- The Washington Times - Thursday, February 27, 2003

Andrew Campbell had a crazy idea: to find a cave magnificent enough that people would pay money to visit it. While working as a tinsmith duringthe late 1800s in Luray, Va., he
started looking.
After several years of perseverance, on Aug. 13, 1878, he and friends stumbled upon a draft of cold air coming from a limestone sinkhole in western Luray. They dug and uncovered one of the largest caverns in the eastern United States, which today is known as Luray Caverns. And people are paying to see it.
"At first, he was the laughingstock of the community," says John Shaffer, director of public relations at Luray Caverns. "It was like looking for a gold mine. Once in awhile someone finds one, but not too often. … It just shows that sometimes, if you have a dream, it's not so far out of reach."
Caverns cavities under the ground that usually are large enough for people to enter are natural wonders of the world, and although they are in constant change, they still chronicle the history of their landscape.
About 400 million years ago, in the area that is now Luray Caverns, the organic remains of dead marine animals drifted down and accumulated on the bottom of what was then an ocean and eventually formed limestone, Mr. Shaffer says.
In time, the primal sea receded and exposed its bottom to acidic rains, which began seeping in and eating away at the soft stone. The erosion at a pace of about one-tenth of an inch of limestone a year formed underground chambers, most the size of a closet, but some as large as a convention center.
While the large amounts of rainwater have long since subsided, small amounts of seepage have continued to drip into the caverns. Drops of water that fall through cracks of limestone find their way into the caves. As they evaporate, the water droplets leave tiny deposits of calcite, which is made of calcium carbonate and may take the form of a crystal. It is the most common mineral found in caves.
As calcite builds upon itself on the ceiling, stalactites are created and hang down like stone icicles.
When the drops of water fall from the ceiling to the floor and evaporate, stalagmites start to grow.
When stalactites and stalagmites meet, columns or pillars take shape.
These formations grow more or less at the rate of one cubic inch every 120 years.
Luray Caverns' array of textures and colors is caused by the mineral content of the soil. Because they are located in an area with high iron content, many of the caves have a reddish or orange tint. Manganese in the soil creates shades of gray or brown. Calcite gives a pure white color.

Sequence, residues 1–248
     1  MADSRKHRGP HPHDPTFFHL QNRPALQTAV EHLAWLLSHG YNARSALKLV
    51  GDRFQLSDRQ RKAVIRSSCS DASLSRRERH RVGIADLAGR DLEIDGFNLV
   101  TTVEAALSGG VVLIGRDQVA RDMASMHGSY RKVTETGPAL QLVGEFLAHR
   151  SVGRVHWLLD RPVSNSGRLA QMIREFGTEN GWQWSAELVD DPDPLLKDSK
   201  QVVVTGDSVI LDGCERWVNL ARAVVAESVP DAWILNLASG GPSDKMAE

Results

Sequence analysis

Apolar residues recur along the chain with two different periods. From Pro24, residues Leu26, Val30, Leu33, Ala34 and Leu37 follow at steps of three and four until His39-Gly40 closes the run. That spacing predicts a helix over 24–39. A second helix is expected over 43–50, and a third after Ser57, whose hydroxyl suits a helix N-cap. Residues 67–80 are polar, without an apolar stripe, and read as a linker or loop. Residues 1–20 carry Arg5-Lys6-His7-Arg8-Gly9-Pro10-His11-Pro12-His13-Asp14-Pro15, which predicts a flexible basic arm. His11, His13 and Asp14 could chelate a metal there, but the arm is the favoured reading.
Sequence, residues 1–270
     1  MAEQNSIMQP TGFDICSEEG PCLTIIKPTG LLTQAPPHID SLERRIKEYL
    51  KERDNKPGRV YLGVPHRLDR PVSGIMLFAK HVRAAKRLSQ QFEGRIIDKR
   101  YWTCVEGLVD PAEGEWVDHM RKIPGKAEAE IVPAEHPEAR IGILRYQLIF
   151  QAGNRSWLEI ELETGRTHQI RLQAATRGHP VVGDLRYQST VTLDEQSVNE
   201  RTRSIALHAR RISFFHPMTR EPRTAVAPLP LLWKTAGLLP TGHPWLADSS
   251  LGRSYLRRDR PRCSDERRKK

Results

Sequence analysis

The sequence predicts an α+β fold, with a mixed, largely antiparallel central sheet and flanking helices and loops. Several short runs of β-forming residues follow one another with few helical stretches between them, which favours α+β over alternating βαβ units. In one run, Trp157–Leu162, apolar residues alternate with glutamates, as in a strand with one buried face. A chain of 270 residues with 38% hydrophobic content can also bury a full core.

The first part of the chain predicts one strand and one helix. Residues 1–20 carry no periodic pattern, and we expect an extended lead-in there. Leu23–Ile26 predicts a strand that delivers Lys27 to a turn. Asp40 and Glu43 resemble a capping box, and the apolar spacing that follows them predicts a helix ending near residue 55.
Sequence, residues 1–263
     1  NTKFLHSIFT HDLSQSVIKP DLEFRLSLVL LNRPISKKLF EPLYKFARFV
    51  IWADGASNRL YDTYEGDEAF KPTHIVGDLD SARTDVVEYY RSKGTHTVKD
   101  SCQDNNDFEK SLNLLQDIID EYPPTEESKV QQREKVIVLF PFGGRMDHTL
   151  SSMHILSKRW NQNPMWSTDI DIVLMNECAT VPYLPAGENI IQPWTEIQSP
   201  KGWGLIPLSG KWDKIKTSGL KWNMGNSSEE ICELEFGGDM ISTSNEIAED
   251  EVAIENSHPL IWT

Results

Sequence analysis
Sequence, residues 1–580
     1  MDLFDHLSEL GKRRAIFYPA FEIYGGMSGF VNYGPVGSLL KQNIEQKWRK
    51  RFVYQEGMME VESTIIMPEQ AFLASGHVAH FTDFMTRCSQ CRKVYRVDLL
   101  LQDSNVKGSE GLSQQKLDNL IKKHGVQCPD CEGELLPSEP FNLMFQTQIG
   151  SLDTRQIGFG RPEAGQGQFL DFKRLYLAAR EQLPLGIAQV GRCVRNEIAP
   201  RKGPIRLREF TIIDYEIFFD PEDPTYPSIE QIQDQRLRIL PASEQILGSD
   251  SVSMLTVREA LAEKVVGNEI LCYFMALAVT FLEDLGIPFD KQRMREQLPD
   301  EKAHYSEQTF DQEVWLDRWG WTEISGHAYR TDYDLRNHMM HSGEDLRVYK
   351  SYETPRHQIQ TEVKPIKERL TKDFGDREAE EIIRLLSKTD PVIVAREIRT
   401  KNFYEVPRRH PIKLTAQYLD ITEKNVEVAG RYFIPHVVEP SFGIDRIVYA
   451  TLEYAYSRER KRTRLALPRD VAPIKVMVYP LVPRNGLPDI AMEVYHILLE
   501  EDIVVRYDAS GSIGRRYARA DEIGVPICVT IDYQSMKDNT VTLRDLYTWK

"Nature decorates a cavern," Mr. Shaffer says. "It's remarkable how nature can extract minerals from the soil to paint these creations."
• • •
Shenandoah Caverns near Mount Jackson, Va., feature some of the most beautiful sights God has designed, says general manager Joe Proctor.
In the part of the caves named Cascade Hall is a calcite crystal formation called Diamond Cascade. One of the largest stalagmites in the caverns, called Cardross Castle, resembles the castle of the same name near Cardross, Scotland.
Several youths discovered the Shenandoah Caverns in 1884 during the construction of the Valley Division of the Southern Railway. A blast created a crevice in the ground; water vapor escaped and caught the attention of a group of boys. They thought they had found a source of water. Instead, they found caverns.
Shenandoah Caverns opened to the public in 1922.
Because caverns are not affected by daily temperature changes, most visitors wear jackets while exploring, even in the summer. Anywhere in the world, a cave's temperature is the average annual temperature of the area in which it is located. Shenandoah Caverns remain at a constant 56 degrees Fahrenheit.
"We take about 90,000 people through the caverns a year," Mr. Proctor says. "It's a challenge to keep the cave as pristine as possible."
To protect the fragile ecology of the caverns, Virginia law prescribes that anyone damaging them could be found guilty of a misdemeanor, Mr. Proctor says.
During tours, he asks guests not to touch the cavern walls. "Every time you wipe the dripping water off a formation, you take some of its growing power away," Mr. Proctor says. "If you touch a formation, it won't shrivel up and die, but the oil from your hand doesn't allow the minerals to harden."
When the natural conditions of a cave are changed, it permanently damages the cave, says Chris Fedo, an associate professor of geology at George Washington University in Northwest.
"One of these caves takes a long, long time to form and a short, short time to ruin," Mr. Fedo says. "Once it's gone, it will take an awful long time to replace."
Learning about what lies beneath the ground helps the public understand the negative effects of harmful activities such as the illegal dumping of garbage, Mr. Fedo says. When water tainted with the chemistry of garbage makes its way into groundwater, it eventually travels into caves and harms their development.
"The environment is fairly fragile underground," Mr. Fedo says.
Caves not only provide a geological picture of an area, but they also have historical ties, says Gary Berdeaux, managing partner at Diamond Caverns in Park City, Ky., and a member of the National Cave Association.
During the Revolutionary War, the Civil War and the Spanish American War, a key component in the production of gunpowder, potassium nitrate, was gathered from sediment in caves. The soil was mixed with water and boiled. The residue, potassium nitrate, was mixed with ingredients such as sulfur and charcoal to create the finished product.
The caverns also served as shelter for soldiers during the Civil War and as way stations for escaped slaves traveling the Underground Railroad.
"We need to preserve these caves so they are here for our children," Mr. Berdeaux says.

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